Discovering Riga

Less visited and with fewer obvious tourist attractions than other Baltic capitals such as Estonia’s Tallinn, Riga in Latvia is best enjoyed the local way. Huong Bergström explores.

Click here to read the article in .pdf file on TimeOut 6/2017.

Embracing the local lifestyle

We chose Riga for a Christmas family vacation, with few expectations for the usual touristy sights and activities. Our cruise package from Stockholm included a stay in the lovely Tallink Hotel Riga, located in the busiest area of the city. We visited Stockmann, one of Riga’s biggest malls, for a diverse and interesting shopping experience and were overwhelmed by the city’s main market.

Riga Central Market, open since 1930, is the largest and most visited market in Europe, featuring row upon row of traditional style stalls offering Latvian-grown and homemade products from vegetables to dairy, meat, and gastronomy produce. With its unique structure of five pavilions in a combined style of German Zeppelin hangars, Neoclassicism and Art Deco, the market became a UNESCO World Heritage Site in 1998. Amongst the hustle and bustle we became loyal visitors to a small stall in the dairy pavilion, where a humble woman fried up the most delicious donuts we have ever tasted. With the winter weather dark and freezing outside, nothing could beat being snuggled inside the warm market, sharing the fresh, soft-like-cloud donuts with my loved one.

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Local people have their own modes of travel, like the water taxis in Venice or motorbikes in Vietnam. In Riga, nothing is more convenient than public transport. The fun appearance of the trams and buses contrasted with the impassive facial expressions of Riga’s people.

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From the centre, we jumped on tram 5 to reach both of its destinations, one of which wasn’t even marked on our map. En route, a colourful church caught my eye in the quiet streets – the Holy Trinity Church of Pārdaugava. The pink coloured church is built in 17th century Russian baroque-style with red belfry and blue onion domes, reminding me of ice creams from my childhood.

And a little taste of tourism…

The touristiest thing we did in Riga was a Hop-On Hop-Off tour, to make the best of the 72 hour RigaCard we had purchased. Costing 35 EUR (Latvia’s official currency is the Euro), the card offers unlimited access to public transport and free or discounted entrance to many of the city’s attractions. The tour provides a great overview of the city, where passengers can pick interesting stop-off points and choose places they wish to save to visit later on.

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A trip to the city is not complete without a walk on the Stone Bridge to enjoy the stunning views of the Daugava River, with the Railway Bridge to the south and the cable-stayed Vanšu Bridge to the north – most beautiful at sunrise and sunset. Many modern buildings were designed with a visual link to the water surface, making the riverbanks attractive both by day and at night. One such example is the expressive architecture of the National Library that tells a continual story of dying and flourishing, like a tulip bulb that carries life season after season.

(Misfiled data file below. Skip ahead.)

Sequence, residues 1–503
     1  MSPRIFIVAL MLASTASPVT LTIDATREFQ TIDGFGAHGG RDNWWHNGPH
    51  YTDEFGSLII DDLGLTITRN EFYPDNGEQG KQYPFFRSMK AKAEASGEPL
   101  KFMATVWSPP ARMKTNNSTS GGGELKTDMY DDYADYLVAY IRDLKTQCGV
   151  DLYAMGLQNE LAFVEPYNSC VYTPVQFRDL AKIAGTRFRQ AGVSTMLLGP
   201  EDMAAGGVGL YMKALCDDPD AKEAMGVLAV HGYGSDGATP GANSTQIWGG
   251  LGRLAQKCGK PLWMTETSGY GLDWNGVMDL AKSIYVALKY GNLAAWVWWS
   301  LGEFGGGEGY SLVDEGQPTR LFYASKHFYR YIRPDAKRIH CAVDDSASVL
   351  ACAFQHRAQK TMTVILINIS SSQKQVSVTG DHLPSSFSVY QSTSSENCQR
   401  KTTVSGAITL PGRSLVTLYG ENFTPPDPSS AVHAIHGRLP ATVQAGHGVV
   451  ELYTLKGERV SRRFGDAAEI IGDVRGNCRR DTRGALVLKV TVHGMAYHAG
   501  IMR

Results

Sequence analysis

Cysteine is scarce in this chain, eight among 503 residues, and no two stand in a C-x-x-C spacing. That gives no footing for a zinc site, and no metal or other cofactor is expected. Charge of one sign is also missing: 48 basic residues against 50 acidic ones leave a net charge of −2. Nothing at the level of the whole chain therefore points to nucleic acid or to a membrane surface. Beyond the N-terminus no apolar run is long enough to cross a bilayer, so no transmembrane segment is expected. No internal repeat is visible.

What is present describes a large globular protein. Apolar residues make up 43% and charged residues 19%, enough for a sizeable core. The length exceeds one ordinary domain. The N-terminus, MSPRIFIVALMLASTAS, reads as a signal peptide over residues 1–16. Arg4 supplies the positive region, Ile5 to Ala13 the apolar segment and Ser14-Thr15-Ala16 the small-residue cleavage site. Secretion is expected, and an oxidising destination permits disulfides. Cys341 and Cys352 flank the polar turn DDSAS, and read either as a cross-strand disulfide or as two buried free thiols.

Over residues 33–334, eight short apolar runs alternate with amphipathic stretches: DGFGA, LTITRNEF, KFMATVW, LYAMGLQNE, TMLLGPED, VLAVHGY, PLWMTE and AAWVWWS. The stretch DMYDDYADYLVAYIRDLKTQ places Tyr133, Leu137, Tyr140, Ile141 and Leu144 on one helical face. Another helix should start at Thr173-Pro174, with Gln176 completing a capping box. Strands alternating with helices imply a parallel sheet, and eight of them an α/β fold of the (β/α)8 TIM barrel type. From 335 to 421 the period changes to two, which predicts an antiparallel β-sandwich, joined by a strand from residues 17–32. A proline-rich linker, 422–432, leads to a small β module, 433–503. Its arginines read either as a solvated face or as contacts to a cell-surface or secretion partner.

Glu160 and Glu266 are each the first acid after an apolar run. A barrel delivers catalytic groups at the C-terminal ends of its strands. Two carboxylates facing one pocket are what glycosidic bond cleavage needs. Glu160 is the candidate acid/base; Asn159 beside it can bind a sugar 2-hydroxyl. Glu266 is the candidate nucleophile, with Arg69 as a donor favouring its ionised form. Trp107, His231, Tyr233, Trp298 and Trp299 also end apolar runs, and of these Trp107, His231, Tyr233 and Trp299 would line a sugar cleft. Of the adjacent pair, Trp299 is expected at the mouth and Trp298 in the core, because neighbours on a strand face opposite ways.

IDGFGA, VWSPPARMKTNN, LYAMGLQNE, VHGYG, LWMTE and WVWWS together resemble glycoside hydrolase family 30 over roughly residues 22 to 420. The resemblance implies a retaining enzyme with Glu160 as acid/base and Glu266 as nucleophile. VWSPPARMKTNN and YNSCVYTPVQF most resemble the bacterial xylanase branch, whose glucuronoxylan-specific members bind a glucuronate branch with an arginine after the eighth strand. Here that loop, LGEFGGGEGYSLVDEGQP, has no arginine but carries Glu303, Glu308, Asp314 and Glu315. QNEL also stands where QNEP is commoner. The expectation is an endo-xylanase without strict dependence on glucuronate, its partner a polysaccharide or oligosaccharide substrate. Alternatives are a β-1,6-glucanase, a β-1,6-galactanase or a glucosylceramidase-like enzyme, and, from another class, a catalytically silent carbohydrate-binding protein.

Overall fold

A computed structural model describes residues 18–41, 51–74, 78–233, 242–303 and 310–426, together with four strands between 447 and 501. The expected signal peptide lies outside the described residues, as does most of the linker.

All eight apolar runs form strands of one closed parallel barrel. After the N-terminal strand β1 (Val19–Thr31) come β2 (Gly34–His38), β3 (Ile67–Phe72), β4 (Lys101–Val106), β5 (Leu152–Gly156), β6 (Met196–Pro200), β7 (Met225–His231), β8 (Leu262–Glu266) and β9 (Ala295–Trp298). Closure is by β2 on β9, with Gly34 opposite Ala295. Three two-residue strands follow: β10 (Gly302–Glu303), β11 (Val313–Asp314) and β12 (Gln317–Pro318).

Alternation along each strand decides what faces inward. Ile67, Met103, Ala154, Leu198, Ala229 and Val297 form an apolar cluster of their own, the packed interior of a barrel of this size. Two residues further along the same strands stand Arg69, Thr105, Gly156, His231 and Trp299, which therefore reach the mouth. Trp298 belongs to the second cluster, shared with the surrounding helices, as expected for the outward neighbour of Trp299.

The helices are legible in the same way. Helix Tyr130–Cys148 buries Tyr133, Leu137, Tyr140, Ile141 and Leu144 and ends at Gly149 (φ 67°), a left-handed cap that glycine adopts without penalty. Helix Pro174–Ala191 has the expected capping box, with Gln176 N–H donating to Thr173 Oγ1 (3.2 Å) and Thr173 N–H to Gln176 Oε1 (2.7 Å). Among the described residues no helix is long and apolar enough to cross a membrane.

The west riverside is known for its modern buildings juxtaposed with many charming but rundown wooden houses. To the east lies the city centre and the heart of the Old Town, where many of the most famous attractions are located, such as the Town Hall Square, House of the Blackheads, Freedom Monument, Powder Tower, and St. Peter’s Church.

I spent a fabulous morning riding through the city under the winter sunlight admiring an astonishing amount of unique Art Nouveau masterpieces. An area known as the Quiet Centre or the Art Nouveau District where Albert, Elizabetes, and Strelnieku Streets can be found features enormous decorative and romantic design and construction.

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The city was founded in 1201, from the 13th century it became a significant intersection of trading and cultural routes between Western and Eastern Europe, and in the 19th century it witnessed a speedy industrial development. These periods all contributed to the prosperity of the medieval architecture in the old town and neoclassical wooden buildings and Art Nouveau stone buildings in the surrounding suburbs. Today Riga lays claim to being the European city with the highest concentration of Art Nouveau architecture and a source of pride for Latvians.

Sky high dining

We chose Neo Sky bar-restaurant for our first dinner in Riga. From the 10th floor of Riga Clock Tower the restaurant affords a beautiful panorama of downtown. A simple Caesar chicken salad and some beer made a great choice before we joined the locals and headed to the cinema to catch the film La La Land, giving us a chance to relax after a long day.

On Christmas Eve, we left the town, heading to Lido Recreation Centre where a huge dining hall was waiting for us. In this enormous but surprisingly cozy venue huge buffet tables served up Latvian and Nordic-Baltic dishes. With a 10 per cent RigaCard discount, we paid just 18 EUR for the entire delicious feast.

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On our last day in Riga, we took the lift up to the 26th floor of Radisson Blu Hotel for a bird’s eye view of the prominent golden dome of Riga’s Nativity of Christ Cathedral, shining like a jewel amid its bleak surroundings. Here we enjoyed excellent food and drink plus the best panoramic view of Riga.

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Our travel skills were tested by this independent trip, but we fully recommend acting like a local and discovering the Art Nouveau Mecca for yourself – for far greater rewards than the travel agencies can offer.

Text & photos by Huong Bergström



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